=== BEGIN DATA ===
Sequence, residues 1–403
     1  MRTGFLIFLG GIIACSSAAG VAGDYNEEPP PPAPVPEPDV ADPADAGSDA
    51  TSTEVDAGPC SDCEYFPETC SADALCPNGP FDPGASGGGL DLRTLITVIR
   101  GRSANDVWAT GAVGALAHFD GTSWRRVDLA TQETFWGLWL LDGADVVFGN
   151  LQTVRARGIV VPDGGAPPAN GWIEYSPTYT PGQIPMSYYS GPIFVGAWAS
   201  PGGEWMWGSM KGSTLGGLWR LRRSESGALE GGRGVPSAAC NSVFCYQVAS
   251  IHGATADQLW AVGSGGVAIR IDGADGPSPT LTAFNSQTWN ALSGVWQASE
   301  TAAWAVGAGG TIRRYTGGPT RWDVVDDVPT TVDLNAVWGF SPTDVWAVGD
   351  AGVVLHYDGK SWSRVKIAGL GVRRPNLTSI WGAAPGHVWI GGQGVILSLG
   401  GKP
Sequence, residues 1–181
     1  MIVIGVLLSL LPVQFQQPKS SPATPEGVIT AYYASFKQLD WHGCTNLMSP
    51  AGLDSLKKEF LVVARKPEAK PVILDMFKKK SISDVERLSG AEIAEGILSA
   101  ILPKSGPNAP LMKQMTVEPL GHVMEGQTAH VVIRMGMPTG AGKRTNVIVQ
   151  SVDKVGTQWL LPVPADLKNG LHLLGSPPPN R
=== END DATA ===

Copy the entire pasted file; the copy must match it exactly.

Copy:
Sequence, residues 1–403
     1  MRTGFLIFLG GIIACSSAAG VAGDYNEEPP PPAPVPEPDV ADPADAGSDA
    51  TSTEVDAGPC SDCEYFPETC SADALCPNGP FDPGASGGGL DLRTLITVIR
   101  GRSANDVWAT GAVGALAHFD GTSWRRVDLA TQETFWGLWL LDGADVVFGN
   151  LQTVRARGIV VPDGGAPPAN GWIEYSPTYT PGQIPMSYYS GPIFVGAWAS
   201  PGGEWMWGSM KGSTLGGLWR LRRSESGALE GGRGVPSAAC NSVFCYQVAS
   251  IHGATADQLW AVGSGGVAIR IDGADGPSPT LTAFNSQTWN ALSGVWQASE
   301  TAAWAVGAGG TIRRYTGGPT RWDVVDDVPT TVDLNAVWGF SPTDVWAVGD
   351  AGVVLHYDGK SWSRVKIAGL GVRRPNLTSI WGAAPGHVWI GGQGVILSLG
   401  GKP
Sequence, residues 1–181
     1  MIVIGVLLSL LPVQFQQPKS SPATPEGVIT AYYASFKQLD WHGCTNLMSP
    51  AGLDSLKKEF LVVARKPEAK PVILDMFKKK SISDVERLSG AEIAEGILSA
   101  ILPKSGPNAP LMKQMTVEPL GHVMEGQTAH VVIRMGMPTG AGKRTNVIVQ
   151  SVDKVGTQWL LPVPADLKNG LHLLGSPPPN R